The Solfar by Jon Gunnar Aransson ,is the sympbol from Reykjavik,Iceland
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"The Solfar," Reykjavik, Iceland. (Photo: Stephanie Benjamin/My Shot)
The Solfar by Jon Gunnar Aransson ,is the sympbol from Reykjavik,Iceland

Investigating Iceland

In our increasingly crowded world, finding a true getaway that’s not too remote can be a challenge. Iceland remains an exception: Its cosmopolitan capital is easily accessible by plane from North America and Europe, but its wild, unspoiled landscapes can make it seem a world away. That’s why we asked Skafti Jónsson at the Embassy of Iceland in Washington, D.C. to suggest some starting points for exploring all the natural and cultural splendor this one-of-a-kind island has to offer. Here’s what he had to say.

Nature 

Westfjords: The large peninsula in northwestern Iceland is a great place to get away from it all (it’s mostly uninhabited), but its unpredictable weather and mountainous terrain recommend it to more experienced adventurers. Jonsson recommends using the town of Isafjordur as a base for treks to see the Northern Lights or the midnight sun. For a quirky side trip, stop by the Museum of Icelandic Sorcery and Witchcraft in Holmavik and paint on some “good luck” symbols to keep you safe in the wilderness.

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Vatnajokull glacier. (Photo: Graham Aufricht/My Shot)

Vatnajokull: The biggest ice cap by volume in Europe (it covers more than 8% of southeast Iceland) is a national park of the same name. Jónsson calls the southern end of the glacier, with its ravishing views of black-sand deserts, the most beautiful part of Iceland. So beautiful, in fact, that it was used as a shooting location for the second season of HBO’s cult TV series Games of Thrones. Glacier tours are available through Vatnajokull Travel.

Eyjafjallajokull: This hard-to-pronounce volcano is famous for bringing European plane flights to a halt when it spewed black ash into the sky back in 2010, but don’t hold a grudge, even if you were grounded. View it from the town of Hveragerði, or get even closer by booking a helicopter tour.

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Godafoss waterfall. (Photo: Don Hogle/My Shot)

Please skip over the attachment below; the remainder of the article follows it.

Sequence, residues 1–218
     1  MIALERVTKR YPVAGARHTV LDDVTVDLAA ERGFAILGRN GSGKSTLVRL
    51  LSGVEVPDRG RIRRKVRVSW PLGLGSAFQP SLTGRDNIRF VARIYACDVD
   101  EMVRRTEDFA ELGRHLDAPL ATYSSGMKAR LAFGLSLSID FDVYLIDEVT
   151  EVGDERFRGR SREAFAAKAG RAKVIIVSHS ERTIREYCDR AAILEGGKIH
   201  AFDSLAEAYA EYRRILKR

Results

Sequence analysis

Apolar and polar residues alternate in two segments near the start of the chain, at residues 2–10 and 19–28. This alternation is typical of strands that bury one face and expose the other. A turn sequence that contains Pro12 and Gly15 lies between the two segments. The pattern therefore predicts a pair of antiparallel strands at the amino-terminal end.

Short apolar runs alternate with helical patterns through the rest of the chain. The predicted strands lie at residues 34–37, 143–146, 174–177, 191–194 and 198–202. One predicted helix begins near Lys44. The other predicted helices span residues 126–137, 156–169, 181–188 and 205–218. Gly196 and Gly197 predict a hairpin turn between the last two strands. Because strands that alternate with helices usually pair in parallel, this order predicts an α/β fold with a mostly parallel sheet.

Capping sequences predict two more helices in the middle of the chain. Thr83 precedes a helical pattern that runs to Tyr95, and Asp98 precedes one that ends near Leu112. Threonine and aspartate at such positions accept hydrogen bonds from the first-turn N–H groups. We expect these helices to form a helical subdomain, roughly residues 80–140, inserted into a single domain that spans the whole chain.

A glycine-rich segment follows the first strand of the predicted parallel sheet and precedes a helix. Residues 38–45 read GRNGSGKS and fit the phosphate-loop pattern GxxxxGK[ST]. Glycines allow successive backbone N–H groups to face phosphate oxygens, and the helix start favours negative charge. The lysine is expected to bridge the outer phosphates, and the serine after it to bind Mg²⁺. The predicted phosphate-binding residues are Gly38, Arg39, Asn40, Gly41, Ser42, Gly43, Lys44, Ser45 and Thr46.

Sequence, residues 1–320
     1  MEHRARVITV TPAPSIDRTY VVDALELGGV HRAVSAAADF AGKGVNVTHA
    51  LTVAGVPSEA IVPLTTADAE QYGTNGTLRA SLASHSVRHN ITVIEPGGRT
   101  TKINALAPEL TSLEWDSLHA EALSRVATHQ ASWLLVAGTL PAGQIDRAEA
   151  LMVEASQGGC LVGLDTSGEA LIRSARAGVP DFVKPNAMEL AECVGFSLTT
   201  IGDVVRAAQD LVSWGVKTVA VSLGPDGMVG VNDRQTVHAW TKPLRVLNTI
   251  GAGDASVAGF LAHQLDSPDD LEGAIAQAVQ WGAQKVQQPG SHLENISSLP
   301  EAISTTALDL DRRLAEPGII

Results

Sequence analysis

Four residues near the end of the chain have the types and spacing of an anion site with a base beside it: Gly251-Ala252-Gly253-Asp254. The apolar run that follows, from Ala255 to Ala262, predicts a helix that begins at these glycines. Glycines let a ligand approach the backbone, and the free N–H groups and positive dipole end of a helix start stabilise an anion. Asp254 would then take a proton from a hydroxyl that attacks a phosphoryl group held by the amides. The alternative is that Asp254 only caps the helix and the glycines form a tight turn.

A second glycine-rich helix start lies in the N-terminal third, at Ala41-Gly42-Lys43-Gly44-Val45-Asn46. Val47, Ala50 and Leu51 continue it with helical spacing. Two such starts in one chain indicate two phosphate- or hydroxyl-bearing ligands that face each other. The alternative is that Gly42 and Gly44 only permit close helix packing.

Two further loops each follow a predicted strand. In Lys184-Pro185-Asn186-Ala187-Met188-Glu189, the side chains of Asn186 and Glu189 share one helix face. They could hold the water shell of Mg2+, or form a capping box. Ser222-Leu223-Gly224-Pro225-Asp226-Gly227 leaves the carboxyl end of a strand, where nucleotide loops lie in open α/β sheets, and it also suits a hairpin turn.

Godafoss: The beautiful “waterfall of the gods” offers a history lesson to boot. When the country adopted Christianity in 1000 CE, an old chieftain is said to have thrown his statues of Norse pagan gods — newly false idols — into the rushing waters. Check in with the tourist center in the nearby town of Akureyri to get maps and detailed directions.

Culture 

Thingvellir National Park: Iceland’s first settlers sent representatives to Thingvellir, where a parliament was formed in the 10th century (it was moved in 1789). Iceland’s very first national park was established there in 1930 to preserve the parliamentary grounds and the beauty of the surrounding area is located on the Mid-Atlantic Ridge. You can actually see the scars left by the Eurasian and North American tectonic plates as they drift apart.

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Thingvellir's rift valley. (Photo: Jennifer Plourde/My Shot)

The Westman Islands: Life in the islands’ only settlement, Heimaey, came to a screeching halt after a 1973 volcanic eruption, but some inhabitants have returned to the sleepy fishing village. Some of the houses are still buried in lava; an effort to excavate them is being hailed as the “Pompei of the North.”

Reykjavik: Iceland’s capital has had time to cultivate a range of cultural experiences since it was first settled in 871. The downtown area is filled with shops, contemporary art galleries (i8), and modern lodgings (try the beautifully decorated 101 Hotel). Take time to visit the Reykjavik City Museum, where you can see a 10th-century Viking-Age hall preserved at its original site. If you’re planning a visit soon, check out the Reykjavik Arts Festival (May 18 to June 3) or catch a concert at Harpa, a new music venue in town.

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Bird's-eye view of Reykjavik. (Photo: Tom Hyde/My Shot)

The capital also has a vibrant food scene. The Cheese Shop offers Icelandic specialties like skyr, a soft, yogurt-like cheese. For a taste of truly fresh seafood, check out Fiskmarkadurinn or Sjavargrillid.

By Antonieta Rico, intern at National Geographic magazine.